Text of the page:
Vtx power is measured in mW to and the regulations talk about milliVolts per meter (mV/m) How to convert?

I’m looking at page 33 of the document: “Licence-Exempt Radio Apparatus: Category I Equipment”

It has this table:

I see the 500mV/m next to the 5.8GHz range, so I can see where people got the idea that you need a license for anything over 500mW. But that doesn’t appear to be what the document actually says.

I’m looking for the maximum power in (milli)Watts a transmitter can be before needing a license, and they’re instead telling me “harmonic emissions measured at 3 m” in millivolts per meter.

I asked Wolfram Alpha and it’s telling me that you can’t convert between the two: how do you convert milliwatts to millivolts per meter? - Wolfram|Alpha

Am I looking at the wrong document?

Before even trying to determine field strength at a given distance one has to know the gain of the TX antenna. Google is your friend.

1 Like


Thank you for sharing your expertise. Although this is basic for you, I am at a loss here. Is there a formula? Is the axial ratio important? It’s 0.99. I don’t know what these terms mean. I don’t think I even grasp the concept of “volts per meter”. I mean, I know V=IR and W = V x A, but I don’t know how you get meters in there.

I mean, I read this: Basics of Radio Waves - dummies but it just seems to be about frequency and wavelength.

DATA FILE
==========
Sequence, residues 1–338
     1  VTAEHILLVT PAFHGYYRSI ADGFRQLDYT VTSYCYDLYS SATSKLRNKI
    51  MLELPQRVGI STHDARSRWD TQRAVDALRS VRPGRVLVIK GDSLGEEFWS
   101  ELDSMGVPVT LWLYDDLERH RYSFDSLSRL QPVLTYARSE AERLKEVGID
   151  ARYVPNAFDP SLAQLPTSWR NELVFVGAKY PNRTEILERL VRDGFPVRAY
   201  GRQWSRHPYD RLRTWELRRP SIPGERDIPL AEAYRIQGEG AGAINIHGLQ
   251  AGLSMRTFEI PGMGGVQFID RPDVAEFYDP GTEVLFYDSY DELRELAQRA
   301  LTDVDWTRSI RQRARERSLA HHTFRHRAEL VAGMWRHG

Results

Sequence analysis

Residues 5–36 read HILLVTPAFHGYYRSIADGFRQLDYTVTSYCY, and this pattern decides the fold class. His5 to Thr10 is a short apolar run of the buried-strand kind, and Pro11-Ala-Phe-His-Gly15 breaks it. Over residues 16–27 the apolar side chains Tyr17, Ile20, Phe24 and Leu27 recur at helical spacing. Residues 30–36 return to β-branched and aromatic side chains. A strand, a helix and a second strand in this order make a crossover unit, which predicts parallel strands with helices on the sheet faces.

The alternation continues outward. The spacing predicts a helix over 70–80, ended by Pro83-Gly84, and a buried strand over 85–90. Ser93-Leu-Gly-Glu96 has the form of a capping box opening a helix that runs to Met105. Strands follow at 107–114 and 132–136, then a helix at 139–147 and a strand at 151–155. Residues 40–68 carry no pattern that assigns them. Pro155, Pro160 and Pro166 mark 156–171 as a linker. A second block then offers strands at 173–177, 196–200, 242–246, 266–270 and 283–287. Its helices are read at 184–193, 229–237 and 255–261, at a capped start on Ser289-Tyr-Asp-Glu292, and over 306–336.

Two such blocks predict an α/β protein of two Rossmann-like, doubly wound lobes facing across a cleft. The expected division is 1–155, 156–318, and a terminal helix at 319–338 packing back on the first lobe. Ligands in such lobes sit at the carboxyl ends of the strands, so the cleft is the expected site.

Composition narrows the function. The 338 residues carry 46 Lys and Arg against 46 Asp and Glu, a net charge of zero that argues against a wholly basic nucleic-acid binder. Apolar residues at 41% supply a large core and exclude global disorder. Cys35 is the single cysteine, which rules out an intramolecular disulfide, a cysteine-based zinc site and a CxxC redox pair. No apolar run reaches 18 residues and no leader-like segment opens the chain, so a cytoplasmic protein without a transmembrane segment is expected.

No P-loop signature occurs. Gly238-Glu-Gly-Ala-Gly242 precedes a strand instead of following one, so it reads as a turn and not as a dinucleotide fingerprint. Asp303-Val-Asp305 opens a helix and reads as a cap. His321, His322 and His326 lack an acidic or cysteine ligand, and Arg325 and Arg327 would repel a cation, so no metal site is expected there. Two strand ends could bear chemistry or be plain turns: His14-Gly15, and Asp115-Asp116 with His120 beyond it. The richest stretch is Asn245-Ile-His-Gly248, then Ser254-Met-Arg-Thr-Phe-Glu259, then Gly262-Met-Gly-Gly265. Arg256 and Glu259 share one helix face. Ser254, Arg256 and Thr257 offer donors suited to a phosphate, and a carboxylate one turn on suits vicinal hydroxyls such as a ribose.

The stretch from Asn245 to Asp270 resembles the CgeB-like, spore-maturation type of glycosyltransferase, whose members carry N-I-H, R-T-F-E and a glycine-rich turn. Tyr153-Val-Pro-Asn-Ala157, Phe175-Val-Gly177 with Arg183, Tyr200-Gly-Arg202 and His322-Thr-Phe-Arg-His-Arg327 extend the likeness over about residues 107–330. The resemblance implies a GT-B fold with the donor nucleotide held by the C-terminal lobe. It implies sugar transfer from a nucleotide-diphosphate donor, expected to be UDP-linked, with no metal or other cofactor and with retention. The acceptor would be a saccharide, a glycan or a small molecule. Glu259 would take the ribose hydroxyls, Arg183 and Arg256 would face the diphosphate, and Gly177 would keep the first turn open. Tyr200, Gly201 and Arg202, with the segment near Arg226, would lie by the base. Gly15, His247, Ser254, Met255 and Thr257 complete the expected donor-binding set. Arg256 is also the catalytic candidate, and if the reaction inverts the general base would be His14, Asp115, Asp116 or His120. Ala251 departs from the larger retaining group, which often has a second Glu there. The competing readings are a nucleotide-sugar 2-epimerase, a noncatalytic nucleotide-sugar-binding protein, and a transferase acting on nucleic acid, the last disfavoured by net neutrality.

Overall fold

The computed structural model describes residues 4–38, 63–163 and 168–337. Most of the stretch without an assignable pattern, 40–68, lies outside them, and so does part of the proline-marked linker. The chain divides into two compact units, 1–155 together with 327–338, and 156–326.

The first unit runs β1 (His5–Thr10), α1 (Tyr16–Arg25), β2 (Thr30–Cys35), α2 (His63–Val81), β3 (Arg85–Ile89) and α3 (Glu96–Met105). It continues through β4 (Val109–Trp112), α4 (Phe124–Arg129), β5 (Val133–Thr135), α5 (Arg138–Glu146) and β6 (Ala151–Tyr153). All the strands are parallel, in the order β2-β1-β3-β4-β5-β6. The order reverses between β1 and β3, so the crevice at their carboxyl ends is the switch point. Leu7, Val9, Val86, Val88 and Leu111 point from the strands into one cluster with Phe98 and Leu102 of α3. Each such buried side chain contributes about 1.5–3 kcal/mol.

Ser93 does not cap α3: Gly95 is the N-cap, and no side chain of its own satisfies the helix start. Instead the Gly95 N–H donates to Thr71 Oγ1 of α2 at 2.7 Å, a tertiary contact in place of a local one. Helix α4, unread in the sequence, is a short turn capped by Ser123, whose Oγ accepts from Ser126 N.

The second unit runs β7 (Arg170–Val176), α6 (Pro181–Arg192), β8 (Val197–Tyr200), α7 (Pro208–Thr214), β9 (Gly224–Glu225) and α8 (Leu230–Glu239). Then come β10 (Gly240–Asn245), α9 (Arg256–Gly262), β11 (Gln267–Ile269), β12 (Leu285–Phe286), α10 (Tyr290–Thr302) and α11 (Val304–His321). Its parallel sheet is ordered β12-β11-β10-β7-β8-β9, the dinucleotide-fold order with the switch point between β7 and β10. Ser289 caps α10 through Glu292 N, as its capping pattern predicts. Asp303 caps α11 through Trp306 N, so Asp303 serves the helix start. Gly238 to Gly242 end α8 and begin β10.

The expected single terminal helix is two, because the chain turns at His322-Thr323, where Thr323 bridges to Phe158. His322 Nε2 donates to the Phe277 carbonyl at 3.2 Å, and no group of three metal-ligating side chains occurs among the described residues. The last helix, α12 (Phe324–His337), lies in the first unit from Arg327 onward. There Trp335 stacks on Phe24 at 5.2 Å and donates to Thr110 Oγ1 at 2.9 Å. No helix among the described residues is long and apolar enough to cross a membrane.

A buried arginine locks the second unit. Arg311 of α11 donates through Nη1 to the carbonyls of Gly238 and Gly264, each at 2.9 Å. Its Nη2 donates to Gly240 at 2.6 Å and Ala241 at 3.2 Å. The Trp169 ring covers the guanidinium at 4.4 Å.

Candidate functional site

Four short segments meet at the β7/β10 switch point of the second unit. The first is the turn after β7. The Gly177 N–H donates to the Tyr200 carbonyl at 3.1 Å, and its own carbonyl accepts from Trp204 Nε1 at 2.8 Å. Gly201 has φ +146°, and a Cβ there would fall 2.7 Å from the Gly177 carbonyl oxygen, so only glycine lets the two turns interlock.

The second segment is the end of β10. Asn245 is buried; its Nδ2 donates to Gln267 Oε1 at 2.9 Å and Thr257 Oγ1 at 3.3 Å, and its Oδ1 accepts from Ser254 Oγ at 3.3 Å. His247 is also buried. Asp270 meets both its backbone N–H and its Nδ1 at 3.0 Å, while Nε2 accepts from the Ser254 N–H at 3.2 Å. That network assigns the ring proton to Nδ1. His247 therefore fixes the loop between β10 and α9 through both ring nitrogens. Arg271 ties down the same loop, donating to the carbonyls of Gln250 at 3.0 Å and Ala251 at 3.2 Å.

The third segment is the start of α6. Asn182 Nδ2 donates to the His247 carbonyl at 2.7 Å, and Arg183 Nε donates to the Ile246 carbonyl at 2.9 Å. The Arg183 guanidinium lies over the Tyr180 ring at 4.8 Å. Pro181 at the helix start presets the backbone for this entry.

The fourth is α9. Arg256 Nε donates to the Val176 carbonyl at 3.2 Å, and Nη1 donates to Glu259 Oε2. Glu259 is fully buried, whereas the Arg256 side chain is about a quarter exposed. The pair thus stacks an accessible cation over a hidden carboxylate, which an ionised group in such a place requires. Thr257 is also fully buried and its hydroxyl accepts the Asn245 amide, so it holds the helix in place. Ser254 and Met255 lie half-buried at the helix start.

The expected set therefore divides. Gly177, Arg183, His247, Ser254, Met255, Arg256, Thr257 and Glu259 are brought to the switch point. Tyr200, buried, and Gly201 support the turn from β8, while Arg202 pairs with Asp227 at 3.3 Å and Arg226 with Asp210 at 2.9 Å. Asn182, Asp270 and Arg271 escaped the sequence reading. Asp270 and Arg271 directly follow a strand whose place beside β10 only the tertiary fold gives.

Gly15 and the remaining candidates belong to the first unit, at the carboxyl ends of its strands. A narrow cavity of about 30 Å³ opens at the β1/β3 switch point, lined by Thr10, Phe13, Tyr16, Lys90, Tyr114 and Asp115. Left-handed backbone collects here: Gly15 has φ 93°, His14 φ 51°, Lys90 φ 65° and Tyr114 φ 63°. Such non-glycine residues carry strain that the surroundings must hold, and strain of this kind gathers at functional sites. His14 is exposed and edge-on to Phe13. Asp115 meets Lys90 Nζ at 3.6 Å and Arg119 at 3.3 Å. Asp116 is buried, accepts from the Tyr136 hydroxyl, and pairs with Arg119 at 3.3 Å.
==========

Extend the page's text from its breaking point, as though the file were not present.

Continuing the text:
I had a quick look at the legislation and from what I can gather it is a matter of the field strength measured at 3m distance from the device.

So, if you have a somewhat powerful transmitter (in hobby transmitter terms) and you exceed the value mentioned, than, providing the antenna of the device can be replaced, you could simply attached a less effective antenna to the device and you might then be able to get within specified range (mV/m).

The whole legislation appears to be a bit odd because then as a consequence of doing the low performing antenna thing, you now have to comply with other parts of the legislation in regards to RF interference created by the transmitter.

I guess it’s a bit like having an imported vehicle which doesn’t comply with local noise regulations and you replace the muffler in order to comply. …But in doing so you now may have a problem in regards to fuel consumption being pushed higher above the legal limit for specific class of engine.

Yeah it seems like the people making the rules didn’t really think about the physics.

Is there a way to plot this? Like a line graph? Like, if you take gain as a fixed value, and have mW on the X axis vs. mV/m at 3 meters on the Y axis.

Is there an equation for this? Like an “Ohm’s Law” or “ideal gas law” but for whatever this is?